I remember, during their early years of marriage, when they were still living in the ancestral house in Manila—they would lock themselves up in their room for days, coming out only to have dinner. I don’t think they were having Novena or saying the Rosary, either.
Alicia and Jose’s case is simply an example of how impoverished cultures view sex. Food on the table, basic education, simple housing, and gut-level health/medical needs occupy significant faculties of the human brain—no much time to discourse sex. Sex is good but sex isn’t really good if there’s no fish for dinner, or sturdy roofs come typhoon season.
In poorer countries where “basic human needs” doesn’t necessarily include assured orgasm or sex-3-times a week, sexual pleasure is numbed or downplayed by economics.

IN MY PERPETUALLY clueless American journey, I always get confused with relationships, friendships, sex and love. Until now—I don’t know what is “going out with,” “seeing someone,” “hanging out with,” “dating someone,” or “sleeping with.” I still don’t have the nerve to follow what I thought was the “real thing” (am I having a relationship or just having sex?)—for fear of being bitch-slapped or sued (for sexual harassment?) or misread as “gay.” Many times, I didn’t even know if I was dumped or I just dumped a girlfriend. “Breaking up” doesn’t necessarily mean that we aren’t hooking up or hanging out anymore—to make out or f—.
I also “slept” with some women friends because they said, it’s okay. So I “SLEPT” with them in their bed... One time, I got into trouble because I responded to a question on the affirmative, whether I “slept” or not with a lady friend that I traveled with in a Greyhound, alone, for 12 hours. I said, “Yes, I slept with her.” What I meant was, we slept side-by-side by our seat, that’s all.
Until now, I remain clueless about a number of American English “double-talk.” Why do we call sex at a swimming pool or backseat of a car for 15 minutes, “sleeping with”? We don’t sleep, you know... and that, why would I be misread for saying “I slept with her” on the same seat while traveling by bus for 12 hours?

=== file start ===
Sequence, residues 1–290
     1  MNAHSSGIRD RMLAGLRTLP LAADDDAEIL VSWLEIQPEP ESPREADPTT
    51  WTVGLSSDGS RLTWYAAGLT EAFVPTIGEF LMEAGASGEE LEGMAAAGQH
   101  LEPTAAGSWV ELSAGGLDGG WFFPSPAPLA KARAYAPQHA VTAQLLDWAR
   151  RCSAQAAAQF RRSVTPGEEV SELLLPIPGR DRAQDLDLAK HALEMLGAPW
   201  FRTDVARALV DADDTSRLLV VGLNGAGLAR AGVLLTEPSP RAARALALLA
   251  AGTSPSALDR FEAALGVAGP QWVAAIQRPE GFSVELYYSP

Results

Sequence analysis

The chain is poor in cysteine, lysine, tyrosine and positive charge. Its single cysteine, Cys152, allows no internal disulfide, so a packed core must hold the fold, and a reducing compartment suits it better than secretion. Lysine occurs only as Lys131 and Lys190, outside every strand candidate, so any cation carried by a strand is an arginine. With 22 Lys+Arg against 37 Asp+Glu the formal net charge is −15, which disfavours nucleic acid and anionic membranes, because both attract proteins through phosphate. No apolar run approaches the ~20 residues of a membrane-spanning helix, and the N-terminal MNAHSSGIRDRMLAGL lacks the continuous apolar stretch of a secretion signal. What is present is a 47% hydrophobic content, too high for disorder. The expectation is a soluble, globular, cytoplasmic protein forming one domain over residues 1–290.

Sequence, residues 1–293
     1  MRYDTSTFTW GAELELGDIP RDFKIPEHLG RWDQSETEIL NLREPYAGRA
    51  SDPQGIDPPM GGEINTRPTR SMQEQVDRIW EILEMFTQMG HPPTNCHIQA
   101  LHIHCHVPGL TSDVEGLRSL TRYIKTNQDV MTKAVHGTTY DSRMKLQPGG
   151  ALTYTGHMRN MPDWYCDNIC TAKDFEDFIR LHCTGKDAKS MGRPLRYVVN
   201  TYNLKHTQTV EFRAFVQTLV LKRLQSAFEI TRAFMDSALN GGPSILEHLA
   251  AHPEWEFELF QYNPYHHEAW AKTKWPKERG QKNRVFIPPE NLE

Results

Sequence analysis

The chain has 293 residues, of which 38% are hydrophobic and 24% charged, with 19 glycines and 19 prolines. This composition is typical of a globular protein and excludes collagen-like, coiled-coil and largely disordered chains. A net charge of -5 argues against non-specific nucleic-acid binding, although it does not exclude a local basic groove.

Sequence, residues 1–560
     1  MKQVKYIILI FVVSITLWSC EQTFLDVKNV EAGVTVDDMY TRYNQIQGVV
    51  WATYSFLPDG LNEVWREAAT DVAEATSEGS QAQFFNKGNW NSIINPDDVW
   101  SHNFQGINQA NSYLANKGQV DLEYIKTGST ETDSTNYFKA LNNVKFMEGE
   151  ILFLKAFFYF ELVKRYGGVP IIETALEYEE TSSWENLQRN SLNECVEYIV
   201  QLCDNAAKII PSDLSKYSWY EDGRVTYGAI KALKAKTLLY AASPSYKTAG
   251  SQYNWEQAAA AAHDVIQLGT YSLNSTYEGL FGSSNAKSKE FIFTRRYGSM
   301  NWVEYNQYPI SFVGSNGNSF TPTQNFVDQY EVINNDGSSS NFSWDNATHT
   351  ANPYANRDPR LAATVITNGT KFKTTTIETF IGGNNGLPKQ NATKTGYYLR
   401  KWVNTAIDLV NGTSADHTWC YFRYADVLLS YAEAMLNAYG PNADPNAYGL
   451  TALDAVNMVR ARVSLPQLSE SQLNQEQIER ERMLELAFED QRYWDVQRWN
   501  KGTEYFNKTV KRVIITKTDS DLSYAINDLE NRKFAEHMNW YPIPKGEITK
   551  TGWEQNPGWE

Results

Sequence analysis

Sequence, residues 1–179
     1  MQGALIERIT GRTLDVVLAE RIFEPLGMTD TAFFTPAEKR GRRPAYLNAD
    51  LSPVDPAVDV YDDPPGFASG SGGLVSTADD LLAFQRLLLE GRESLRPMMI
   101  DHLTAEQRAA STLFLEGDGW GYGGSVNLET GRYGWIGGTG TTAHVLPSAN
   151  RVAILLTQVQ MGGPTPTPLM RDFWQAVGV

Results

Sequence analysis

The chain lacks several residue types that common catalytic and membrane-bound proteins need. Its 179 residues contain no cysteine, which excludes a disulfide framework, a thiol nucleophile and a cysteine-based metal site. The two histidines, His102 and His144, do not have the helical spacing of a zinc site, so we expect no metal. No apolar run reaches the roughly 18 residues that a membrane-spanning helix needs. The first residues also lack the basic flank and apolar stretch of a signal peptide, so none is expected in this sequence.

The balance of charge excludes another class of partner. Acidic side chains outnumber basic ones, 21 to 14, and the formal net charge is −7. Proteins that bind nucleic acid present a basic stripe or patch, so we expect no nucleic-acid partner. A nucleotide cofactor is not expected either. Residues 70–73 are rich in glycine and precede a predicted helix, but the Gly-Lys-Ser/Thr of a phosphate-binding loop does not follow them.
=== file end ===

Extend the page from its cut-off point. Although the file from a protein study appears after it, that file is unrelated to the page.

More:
AH, AMERICA! We consume excessively... sex is all over from high school to older age that it becomes a necessity. When it becomes too much, we try so hard to snuff it out altogether, that is why it becomes such an issue.
Take this example. Harvard University seniors Sarah Kinsella and Justin Murray decided to fight back against what they see as too much mindless sex at the Ivy League school. They founded a student group called “True Love Revolution” to promote abstinence on campus. The group, created earlier this school year, has more than 90 members on its Facebook.com page and drew about half that many to an ice cream social.
Harvard treats sex — or “hooking up” — so casually that “sometimes I wonder if sex is even a remotely serious thing,” said Kinsella, who is dating Murray.
“Sometimes that voice on campus is so overwhelming that students committed to abstinence almost feel compelled to abandon their convictions,” Murray said. He acknowledged he “slipped up” and had sex earlier in college but said he has returned to abstinence with Kinsella.
Nothing to crow about. Sex is good, sex is beautiful. But why abstain—why simply engage in (or consume?) small, reasonable doses? Sex isn’t sugar, caffeine, or nicotine—or is it for most?
Anyhow, while sex is generally viewed as imperative and a necessity, certain “thinking” patterns figure a lot in people’s decisions how to treat their sexual lives, as well.
Sexual behavior includes a lot more than sex, according to Helen Fisher, an anthropologist at Rutgers University. She argues that three primary brain systems have evolved to direct reproductive behavior. One is the sex drive that motivates people to seek partners. Second is a program for romantic attractions that makes people fixate on specific partners. Third is a mechanism for long-term attachment that induces people to stay together long enough to complete their parental duties.
Whatever the case, sex is still the end result... Sex is still a good subject to while away hours with – as I brainstorm what’d be my next heavy topic next issue. So what am I trying to say? Nothing really, I don’t intend to rant against the war or complain about my Charter phone/internet bill this time out. I just want to talk about sex, that’s all.
You have any problem with that?